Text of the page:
Updated: April 27th 2018
| Nepal travel guides
Located in north Patan the Golden temple (Kwa Bahal) is perhaps the second most popular attraction here after Patan Durbar Square.
The temple was built in 1409 and is in fact a Newari Buddhist monastery. The nickname "golden temple" came about through tourism more than it actually being made of pure gold. Most of the temple is actually polished gilt copper which gives it a fantastic golden shine.
At the main entrance there was once a duel fought between a Brahman and Vajracharya Buddhist priest. The Vajracharya priest won when his wife threw here sari over the Brahmans head which led to the priest decapitating him. It’s said the severed head is still used in ceremonies today!
Inside the main courtyard there are probably enough artifacts to keep most historians happy for a full day. Do keep note that leather items are not permitted inside.
At the entrance way are two large brass guardian elephants and riders. Directly in front is a lavish shrine with a silver and golden chaitya. While you can’t photograph inside the shrine you may photo around the interior of the courtyard.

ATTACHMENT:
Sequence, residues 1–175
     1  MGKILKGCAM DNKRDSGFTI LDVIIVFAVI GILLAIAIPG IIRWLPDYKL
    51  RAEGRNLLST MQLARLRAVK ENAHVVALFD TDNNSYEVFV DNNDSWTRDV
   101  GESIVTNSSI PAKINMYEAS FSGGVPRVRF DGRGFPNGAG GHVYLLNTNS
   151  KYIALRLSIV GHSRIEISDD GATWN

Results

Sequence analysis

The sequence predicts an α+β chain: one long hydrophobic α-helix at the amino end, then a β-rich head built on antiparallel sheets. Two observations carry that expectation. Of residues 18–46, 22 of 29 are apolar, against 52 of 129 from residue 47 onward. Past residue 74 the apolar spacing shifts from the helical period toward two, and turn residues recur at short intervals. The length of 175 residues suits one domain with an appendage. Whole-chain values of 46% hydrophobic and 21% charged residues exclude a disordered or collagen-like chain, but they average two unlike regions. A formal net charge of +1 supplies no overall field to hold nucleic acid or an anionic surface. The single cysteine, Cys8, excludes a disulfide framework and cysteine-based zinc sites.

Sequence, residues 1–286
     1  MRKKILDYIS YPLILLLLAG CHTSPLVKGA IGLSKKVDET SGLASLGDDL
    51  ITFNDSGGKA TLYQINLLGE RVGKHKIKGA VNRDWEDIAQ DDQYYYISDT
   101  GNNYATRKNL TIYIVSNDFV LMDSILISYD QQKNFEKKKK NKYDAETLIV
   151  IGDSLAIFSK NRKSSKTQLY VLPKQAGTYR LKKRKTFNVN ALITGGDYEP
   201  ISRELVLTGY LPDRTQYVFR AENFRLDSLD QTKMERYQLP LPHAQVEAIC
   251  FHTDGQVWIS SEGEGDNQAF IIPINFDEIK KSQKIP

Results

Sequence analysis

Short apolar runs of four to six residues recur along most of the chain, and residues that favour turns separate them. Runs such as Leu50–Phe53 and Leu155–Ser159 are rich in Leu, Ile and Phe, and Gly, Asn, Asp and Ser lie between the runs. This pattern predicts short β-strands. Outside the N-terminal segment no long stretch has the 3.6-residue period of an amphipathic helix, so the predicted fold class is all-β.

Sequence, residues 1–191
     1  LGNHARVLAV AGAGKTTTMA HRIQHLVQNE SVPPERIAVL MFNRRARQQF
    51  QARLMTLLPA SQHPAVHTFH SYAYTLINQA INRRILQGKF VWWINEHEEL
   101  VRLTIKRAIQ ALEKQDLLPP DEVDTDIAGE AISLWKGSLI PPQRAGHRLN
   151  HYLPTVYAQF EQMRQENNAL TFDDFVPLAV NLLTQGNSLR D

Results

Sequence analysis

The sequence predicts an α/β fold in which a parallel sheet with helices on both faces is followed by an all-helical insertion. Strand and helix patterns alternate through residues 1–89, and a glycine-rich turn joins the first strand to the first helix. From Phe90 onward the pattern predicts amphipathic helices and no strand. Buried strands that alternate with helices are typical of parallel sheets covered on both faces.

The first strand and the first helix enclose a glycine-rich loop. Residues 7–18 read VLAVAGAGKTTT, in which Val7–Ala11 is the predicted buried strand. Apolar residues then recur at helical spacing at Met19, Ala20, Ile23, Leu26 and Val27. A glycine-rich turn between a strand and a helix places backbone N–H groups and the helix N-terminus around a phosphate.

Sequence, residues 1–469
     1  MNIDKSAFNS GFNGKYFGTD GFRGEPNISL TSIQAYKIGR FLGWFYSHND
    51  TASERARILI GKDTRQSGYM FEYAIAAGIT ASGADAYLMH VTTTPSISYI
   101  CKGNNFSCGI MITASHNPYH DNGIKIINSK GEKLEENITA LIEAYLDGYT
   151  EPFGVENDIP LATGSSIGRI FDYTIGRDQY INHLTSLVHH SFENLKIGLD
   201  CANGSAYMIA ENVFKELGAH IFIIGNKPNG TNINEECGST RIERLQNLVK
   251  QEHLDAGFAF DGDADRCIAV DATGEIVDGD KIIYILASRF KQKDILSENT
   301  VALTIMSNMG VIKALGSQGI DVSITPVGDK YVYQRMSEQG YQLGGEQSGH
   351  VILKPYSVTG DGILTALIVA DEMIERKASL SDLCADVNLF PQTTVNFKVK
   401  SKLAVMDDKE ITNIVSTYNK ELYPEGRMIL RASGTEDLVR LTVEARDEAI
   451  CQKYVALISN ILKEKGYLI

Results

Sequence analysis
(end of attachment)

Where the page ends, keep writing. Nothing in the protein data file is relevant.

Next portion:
Going clockwise around the central shrine you'll see newly added (1918) brass monkeys holding out jack fruits as offerings. Behind them are large bronze Bodhisattvas. Three are Padmapani Lokeshwar and the fourth is Manjushree.
The main shrine (directly behind the smaller one) contains a statue of Sakyamuni and a Buddha image which again should not be photographed without permission. The temple is dedicated to Guatama Buddha.
It's honestly worth moving closer to many of the artifacts found inside the courtyard as many are highly detailed. It's also quite rare to get this close without being inside a museum!
There was renovation work on the Golden Temple in 2017 with the courtyard remaining open. The same is happening in 2018 though it won't disturb visitors.
The temple itself suffered a little damage in the 2015 earthquake however the courtyard and exterior is accessible and you'd barely notice a difference!
Let's not forget the "golden temple" is actually Kwa Bahal a Newari Buddhist Monastery. If you are facing the two golden elephants look to your right and you'll see a small door.
Enter inside and climb up the stairs to visit the monastery. It's really just a small room with practicing monks. Permission is also required to enter but there's rarely anyone around to ask.
My advice: be as quiet as possible and restrain from taking photos inside.
This temple is not included in the Patan Durbar square ticket price as it's outside the square. The current fee for foreigners is 50 rupees.
Use this map of Patan for to locate the Golden Temple and other highlights in Patan. For a better map download my full travel guide to Patan
The Golden Temple is located at a junction in north Patan just a short distance from Durbar Square. There are two entrances. One to the side and another to the rear.
See my travel guide below for full walking directions.
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